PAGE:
Sergei Udaltsov has been at the forefront of Russia’s opposition movement since before it gained popularity in December 2011. He is well-known in Russia both for his zealous advocacy for democratic reform, and for his unparalleled propensity toward getting arrested. In November 2011, Amnesty International reported that he had been arrested approximately 37 times. Since then, in light of the post-election protest movement that has taken Moscow by storm in the past year, the number of arrests has likely increased dramatically.
Udaltsov and his political background
According to Russia Profile, Udaltsov was born in 1977 in Moscow and has been heavily involved in politics for the past 15 years. In 1998, he founded the Vanguard of Red Youth. At the time, he was a member of the Working Russia movement as well.
In 1999, after graduating from the Moscow State Academy of Water Transport, where he studied law, Udaltsov ran for a spot in the State Duma, parliament’s lower house. He was registered as a candidate for the Stalin Block – for the USSR party, but was unsuccessful as his party failed to pass the threshold for Duma representation. In 2005 he ran again for a spot in parliament, this time as a Communist Party candidate.
Udaltsov began work on creating the Left Front movement in the mid-2000s. Although it wasn’t officially launched until 2008, the Left Front asserted itself as a political force when it joined the opposition coalition Other Russia in 2006. It has remained a member ever since.
In 2007 Udaltsov co-founded a collective of social, housing, ecological, and political movements. In 2008, he launched the Left Front movement. The Left Front was described by Russia Profile as “a loose confederation of radical leftist groups… The Left Front unites a number of ultra-leftist organizations, whose views would be considered extremist in Western Europe and in the United States.” The report claimed that the Left Front’s 2008 inaugural congress was attended by Russia’s Communist Party, as well as a number of communist and anarchist fringe groups.
Since the December 2011 Duma elections, which were heavily criticized on the basis of widespread fraud allegations, Udaltsov has played a central role in leading the opposition protests that have burst out in Moscow and other Russian cities.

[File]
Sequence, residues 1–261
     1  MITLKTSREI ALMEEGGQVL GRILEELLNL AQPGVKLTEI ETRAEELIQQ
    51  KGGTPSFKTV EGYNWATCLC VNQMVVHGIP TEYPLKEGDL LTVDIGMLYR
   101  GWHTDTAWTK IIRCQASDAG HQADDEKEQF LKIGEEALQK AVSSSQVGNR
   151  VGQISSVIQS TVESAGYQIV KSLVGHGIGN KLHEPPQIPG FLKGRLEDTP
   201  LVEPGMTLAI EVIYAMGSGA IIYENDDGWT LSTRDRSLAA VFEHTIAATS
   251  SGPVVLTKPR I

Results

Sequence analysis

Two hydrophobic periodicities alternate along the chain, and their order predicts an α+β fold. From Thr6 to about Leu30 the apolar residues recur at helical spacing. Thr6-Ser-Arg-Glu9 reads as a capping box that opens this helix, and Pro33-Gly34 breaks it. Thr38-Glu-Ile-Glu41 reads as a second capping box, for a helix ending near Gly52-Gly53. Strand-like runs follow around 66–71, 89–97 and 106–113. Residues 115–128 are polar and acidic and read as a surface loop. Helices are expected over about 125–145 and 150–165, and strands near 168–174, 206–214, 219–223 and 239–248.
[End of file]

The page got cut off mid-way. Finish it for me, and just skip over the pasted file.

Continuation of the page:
Udaltsov has advocated for a strengthening of Russia’s opposition forces through the creation of a leftist coalition, reasoning that these parties and movements could gather more votes collectively than any one of them could gather individually in a given election. He told RIA Novosti earlier this year, “The Left Front and I personally have been calling for all leftist organizations, parties and movements to unite into a new leftist mega-party: modern, with fresh faces included in the leadership. But, of course, our veterans and experienced politicians will also be present. There will be a place for everyone.”
Anatomy of Protest: “simply slander”
On October 5, NTV - a television channel owned by Russia’s state-run gas giant Gazprom - aired the documentary «Anatomy of a Protest-2». Like the first installment, which aired in March, the documentary sought to discredit the opposition by focusing on the less desirable elements of its leaders and actions. Its first installment alleged that the opposition drew people into its actions by paying them, sometimes in cash, and sometimes in cookies.
This second installment claimed that opposition members are using funds from abroad to finance preparations for a coup d’état. Specifically, the film featured a conversation between Udaltsov and Givi Targamadze, head of the Georgian Parliamentary Committee on Defense and Security. The latter is alleged to have played an important role in organizing the color revolutions in Georgia and Ukraine, which brought opposition activists into power in the midst of mass protests. The meeting was portrayed as a coup-planning session centering on a discussion of funds.
Udaltsov refused to watch the documentary, but told RIA Novosti that its allegations were, “simply slander.” He went on, “I categorically deny receiving money sponsored from abroad, not to mention preparing any violent acts.”
He later added, “I’ve met with dozens of people in recent months, including Georgians, Belarusians, and Ukrainians, as well as nationals of European countries. This is a normal thing for a political figure to do… In some cases we have sought funding for the Left Front from businessmen. But we have never discussed any kind of violent actions or received any instructions or funding of any kind from any foreign agent services.”
Shortly after the documentary aired, State Duma Speaker Sergei Zheleznyak called on the Investigative Committee, the Office of the Prosecutor General, the Interior Ministry, and the Federal Security Service (FSB) requesting an investigation into the film’s allegations.
On the basis of the film’s claims, Investigative Committee launched criminal proceedings against Udaltsov and several others on October 17. Claiming that there was no reason to believe the video footage had been montaged, the federal investigators charged Udaltsov with planning mass riots, an offense that carries a sentence of 4 to 10 years in prison. However, the Investigative Committee has announced that it is considering evidence of more grave crimes, such as preparations for terrorist activities.
Investigators have remained mostly silent on the names of the others suspected of involvement in the case, with the exception of Konstantin Lebedev, Udaltsov's personal assistant, and Leonid Razvozzhayev, aide to lawmaker and outspoken oppositionist Lev Ponomarev.
Violetta Volkova, Udaltsov’s attorney, declared, “I believe there are no grounds at all on which to bring charges against [Udaltsov].”